By Ryan Weeks on 26th May 2017
Peer-to-peer lender Wellesley will pause its peer-to-peer operations until Q3.
Peer-to-peer lender Wellesley will pause its peer-to-peer operations until Q3.
Wellesley & Co., the peer-to-peer lender best-known for investing alongside its investors, has announced wide-ranging changes to the business. In addition to publishing financial results for 2016, the firm has also made a first stab at publishing its loan book online.
Chief financial officer Alasdair Lenman, who was appointed last summer, has resigned from the company. Lenman was hired to help the firm publish its late accounts up to December 2015 ahead of its abortive fundraise on equity crowdfunding platform Seedrs, which was pulled at the start of this year.
Further to these developments, Wellesley has temporarily paused its peer-to-peer lending operations, and is launching a new listed bond on the Irish Stock Exchange.
In an interview with AltFi, Wellesley co-founder Andrew Turnbull (pictured) said that the firm was making some changes to its peer-to-peer product, as other platforms have, in order to fit with the FCA’s demands for standardisation across the industry. Wellesley currently operates under interim permissions from the regulator, and continues to await a decision on full authorisation. Some of the UK’s largest platforms, such as Funding Circle and Zopa, have been authorised in the past few weeks.
Turnbull said that Wellesley is pausing its P2P product in order to allow time for technical changes to be made. He said that these changes are designed to satisfy both investor demand and regulatory requirement.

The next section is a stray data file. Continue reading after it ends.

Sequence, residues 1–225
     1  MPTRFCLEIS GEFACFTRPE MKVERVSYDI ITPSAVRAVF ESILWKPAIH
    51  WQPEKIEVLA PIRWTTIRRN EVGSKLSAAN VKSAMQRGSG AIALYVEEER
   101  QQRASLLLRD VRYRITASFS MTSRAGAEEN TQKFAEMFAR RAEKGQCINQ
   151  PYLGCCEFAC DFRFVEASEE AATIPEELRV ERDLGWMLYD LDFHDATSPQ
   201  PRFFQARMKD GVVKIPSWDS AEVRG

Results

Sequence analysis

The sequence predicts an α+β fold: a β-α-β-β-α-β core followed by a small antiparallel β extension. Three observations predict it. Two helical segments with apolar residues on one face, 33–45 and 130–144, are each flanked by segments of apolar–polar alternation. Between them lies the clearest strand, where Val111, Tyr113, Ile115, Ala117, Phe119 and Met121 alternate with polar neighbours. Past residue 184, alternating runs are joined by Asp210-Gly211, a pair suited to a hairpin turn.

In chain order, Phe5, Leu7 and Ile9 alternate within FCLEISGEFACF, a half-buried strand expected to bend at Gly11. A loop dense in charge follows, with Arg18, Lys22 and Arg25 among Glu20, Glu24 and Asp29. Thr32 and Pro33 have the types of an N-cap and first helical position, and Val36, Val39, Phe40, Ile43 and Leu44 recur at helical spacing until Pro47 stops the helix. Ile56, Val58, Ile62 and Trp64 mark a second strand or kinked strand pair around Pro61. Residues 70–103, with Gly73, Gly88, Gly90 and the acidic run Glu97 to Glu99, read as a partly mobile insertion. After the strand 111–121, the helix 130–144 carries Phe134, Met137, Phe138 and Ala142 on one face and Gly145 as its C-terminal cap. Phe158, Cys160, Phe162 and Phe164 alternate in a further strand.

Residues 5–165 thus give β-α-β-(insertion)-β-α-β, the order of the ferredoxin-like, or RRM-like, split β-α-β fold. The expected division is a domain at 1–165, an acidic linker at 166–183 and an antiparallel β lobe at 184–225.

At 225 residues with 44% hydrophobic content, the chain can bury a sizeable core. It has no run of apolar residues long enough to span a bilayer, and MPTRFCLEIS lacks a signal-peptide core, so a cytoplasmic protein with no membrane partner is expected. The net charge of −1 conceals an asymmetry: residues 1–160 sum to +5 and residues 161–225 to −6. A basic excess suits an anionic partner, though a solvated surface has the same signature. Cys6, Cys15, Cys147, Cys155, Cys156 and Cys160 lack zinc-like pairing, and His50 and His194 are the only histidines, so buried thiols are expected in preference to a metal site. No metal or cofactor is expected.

Once re-launched, Wellesley & Co. will no longer deliver monthly interest payments to its investors. The monthly interest payment model was at odds with the style of development loans that the firm originates, which are repaid at maturity. Henceforth, the firm’s P2P product will offer a target rate of return, with interest repaid at maturity.
Additionally, loans will no longer be covered by a provision fund, with losses instead passed through to customers. Turnbull said that this move reflected the desire of the regulator to see the exact dynamics of P2P loans passed through to investors. It is telling that Zopa – which was authorised a few weeks ago – has also just announced the dropping of its provision fund.
Finally, Wellesley will also be switching to a novation model, which means that the platform's P2P contracts will henceforth be held directly between its investors and its borrowers. Wellesley will continue to originate loans in the first instance, and will then novate these over to its investors. This model mimics the one operated by Octopus Choice, which was authorised as a peer-to-peer lender in January of this year.
Wellesley has just launched its third bond, offering investors an annual interest rate of 4.75 per cent over 3 years, or 4 per cent over 2 years, paid monthly. The bond can be held within an ISA wrapper.